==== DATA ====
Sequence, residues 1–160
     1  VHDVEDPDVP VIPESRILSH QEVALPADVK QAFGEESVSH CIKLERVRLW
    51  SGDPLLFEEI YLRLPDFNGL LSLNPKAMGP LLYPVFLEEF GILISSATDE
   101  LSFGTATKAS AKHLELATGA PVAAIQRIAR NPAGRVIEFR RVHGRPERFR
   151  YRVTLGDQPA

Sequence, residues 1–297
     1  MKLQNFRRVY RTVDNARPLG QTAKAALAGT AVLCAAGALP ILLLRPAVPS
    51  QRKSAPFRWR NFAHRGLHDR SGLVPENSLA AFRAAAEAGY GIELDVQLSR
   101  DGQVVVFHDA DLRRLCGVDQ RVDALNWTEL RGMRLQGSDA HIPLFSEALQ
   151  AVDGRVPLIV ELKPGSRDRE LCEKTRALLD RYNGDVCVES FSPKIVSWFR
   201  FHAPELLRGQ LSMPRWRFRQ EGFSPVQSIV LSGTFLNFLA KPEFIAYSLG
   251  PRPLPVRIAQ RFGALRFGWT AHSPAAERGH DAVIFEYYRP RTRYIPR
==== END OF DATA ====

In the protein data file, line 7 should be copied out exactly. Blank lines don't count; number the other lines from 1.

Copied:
     1  MKLQNFRRVY RTVDNARPLG QTAKAALAGT AVLCAAGALP ILLLRPAVPS